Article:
To answer your question: I don't know why you expect to get the same results when you disregard the discount factor. You're comparing annual revenue with total costs, which doesn't make much sense. –  joriki Nov 29 '12 at 11:11
    
sorry, the character limits got me out of asking it under your answer, i will try to simplify my edited thing next time. THANKS. –  Steve Nov 30 '12 at 6:57

1 Answer 1

up vote 1 down vote accepted

The discounting multiplies the annual revenue by a factor of $10$. Thus the profit for firm $i$ is $10Q_i(800-Q_1-Q_2)-500Q_i=10Q_i(750-Q_1-Q_2)$. We can drop the factor ten and maximize $Q_i(750-Q_1-Q_2)$.

Given an annual capacity $Q_1$, firm $2$ wants to maximize $Q_2(750-Q_1-Q_2)$. Differentiating with respect to $Q_2$ yields $750-Q_1-2Q_2$, which is zero at $Q_2=375-Q_1/2$.

In Cournot competition, this must in turn lead to firm $1$ choosing $Q_1$, so we must have $Q_1=375-Q_2/2=375-(375-Q_1/2)/2$, and thus $Q_1=250$, and likewise $Q_2=250$.

In Stackelberg competition, firm $1$ anticipates firm $2$'s response $Q_2=375-Q_1/2$ and thus maximizes $Q_1(750-Q_1-(375-Q_1/2))=Q_1(375-Q_1/2)$. The derivative with respect to $Q_1$ is $375-Q_1$, so firm $1$ chooses $Q_1=375$, which leaves $Q_2=375-375/2=375/2$ for firm $2$.

For the monopoly capacity, (one tenth of) the profit is simply $Q(750-Q)$, the derivative with respect to $Q$ is $750-2Q$, so the optimal capacity for a monopoly is $Q=375$, the same as the capacity for the leader firm in Stackelberg equilibrium.

From the consumer perspective, the Stackelberg competition is the best, with a total annual capacity of $562.5$ being sold at a price of $237.5$, followed by the Cournot competition with total annual capacity $500$ and price $300$, and unsurprisingly the monopoly is worst with total annual capacity $375$ and price $425$.

The profits of the firms (without the factor $10$) are $375^2=140625$ for the monopolist, $250^2=62500$ per firm in Cournot competition, $375^2/2=70312.5$ for the leader firm in Stackelberg competition and $375^2/4=35156.25$ for the follower firm in Stackelberg competition. Assuming a $50/50$ chance of being the monopolist or leader firm, the expected profit per firm is $375^2/2=70312.5$ for the monopoly, $250^2=62500$ for the Cournot duopoly and $(375^2/2+375^2/4)/2=3/8\cdot375^2=52734.375$ for the Stackelberg duopoly, so the firms' preferences are in the opposite order to those of the consumers.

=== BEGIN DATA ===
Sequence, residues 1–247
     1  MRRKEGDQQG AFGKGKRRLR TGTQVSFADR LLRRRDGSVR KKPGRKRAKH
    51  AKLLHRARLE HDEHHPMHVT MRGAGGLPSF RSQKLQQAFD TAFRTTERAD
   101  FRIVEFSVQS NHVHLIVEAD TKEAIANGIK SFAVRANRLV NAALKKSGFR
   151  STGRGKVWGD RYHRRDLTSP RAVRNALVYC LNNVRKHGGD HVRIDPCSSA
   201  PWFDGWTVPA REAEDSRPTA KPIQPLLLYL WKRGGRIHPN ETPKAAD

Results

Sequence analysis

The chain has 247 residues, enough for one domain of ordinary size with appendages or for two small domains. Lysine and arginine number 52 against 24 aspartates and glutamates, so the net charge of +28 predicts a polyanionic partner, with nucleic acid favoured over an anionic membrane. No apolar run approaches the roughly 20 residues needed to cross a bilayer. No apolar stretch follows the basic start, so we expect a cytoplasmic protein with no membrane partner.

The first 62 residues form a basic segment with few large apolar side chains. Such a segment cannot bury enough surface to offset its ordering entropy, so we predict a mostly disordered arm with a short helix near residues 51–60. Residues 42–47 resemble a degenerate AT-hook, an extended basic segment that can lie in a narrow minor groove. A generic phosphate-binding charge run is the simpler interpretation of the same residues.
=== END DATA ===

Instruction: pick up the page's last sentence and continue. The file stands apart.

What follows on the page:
share|improve this answer
    
may i ask is that D(P) = 800-P irrelevant? –  Steve Nov 29 '12 at 8:31
    
and i do not understand how you obtain those profit... what is the square of the quantity in each case implies? –  Steve Nov 29 '12 at 8:32
    
@Steve: No, $D(P)=800-P$ isn't irrelevant, it's where the market clearing price $P=800-Q=800-Q_1-Q_2$ comes from. I obtained the profits (without the factor $10$) directly from the formula I derived at the end of the first paragraph; the squares have no deeper significance; it just so happened that the same factor occurred twice in each expression so it was convenient to write them with squares. –  joriki Nov 29 '12 at 11:23
    
seems you are doing the whole thing by eliminating the factor 10, so your answer should not be the answer for this question right? the answer should be taking also the factor into account? –  Steve Dec 1 '12 at 8:49
    
@Steve: The question didn't explicitly ask about the profit; it asks about capacities and about equilibria, which I took to mean equilibrium capacities. If you want to include the profit at equilibrium in the answer, then yes, you'll need to include the factor of $10$ in that. –  joriki Dec 1 '12 at 9:10